The company leads the market for chips that provide short-distance wireless connections, such as the ones used in iPhones and iPads, but demand is slowing for chips that connect mobile phones to the Internet. Bloomberg reported that the company is struggling to roll out new cellular technologies, hurting its ability to grab more orders in smartphones.
Broadcom is trimming its workforce to cut back on expenses, with a third of the layoffs coming among workers brought onboard with its acquisition of a Renesas Electronics business unit. In a statement, the company said it is forecasting fourth quarter sales will be about $1.98 billion, and revenue will be in the range of $1.92 billion to $2.03 billion. Analysts on average predicted $2.13 billion, according to data compiled by Bloomberg.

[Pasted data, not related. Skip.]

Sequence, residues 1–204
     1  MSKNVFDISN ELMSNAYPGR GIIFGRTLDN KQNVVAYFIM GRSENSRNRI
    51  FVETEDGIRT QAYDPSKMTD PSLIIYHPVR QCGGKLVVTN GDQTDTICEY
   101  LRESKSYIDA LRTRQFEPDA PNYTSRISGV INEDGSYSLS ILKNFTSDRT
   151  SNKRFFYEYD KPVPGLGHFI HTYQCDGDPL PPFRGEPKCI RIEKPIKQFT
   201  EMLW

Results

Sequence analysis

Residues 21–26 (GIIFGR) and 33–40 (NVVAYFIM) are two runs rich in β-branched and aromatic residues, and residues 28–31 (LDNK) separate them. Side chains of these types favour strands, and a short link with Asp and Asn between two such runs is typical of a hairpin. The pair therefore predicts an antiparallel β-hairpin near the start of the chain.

Some of the company’s 3G-chip customers are cutting back on inventory, and the company is facing “ferocious” price competition for that product, Chief Executive Officer Scott McGregor said on a conference call. Broadcom needs to field LTE modems to help it regain some connectivity business, Bloomberg reported. “Long-term, I believe this business is pretty vibrant,” said McGregor, who was asked whether Broadcom might consider giving up its efforts in cellular modems. “Near-term, we’ve got some headwinds,” he said.
Third-quarter net income jumped 44 percent to $316 million, or 55 cents a share, from $220 million, or 38 cents, the year before. Sales were little changed at $2.15 billion vs. $2.13 billion in the third quarter 2012. Broadcom shares fell 21 percent this year, compared with a 28 percent gain in the Philadelphia Semiconductor Index.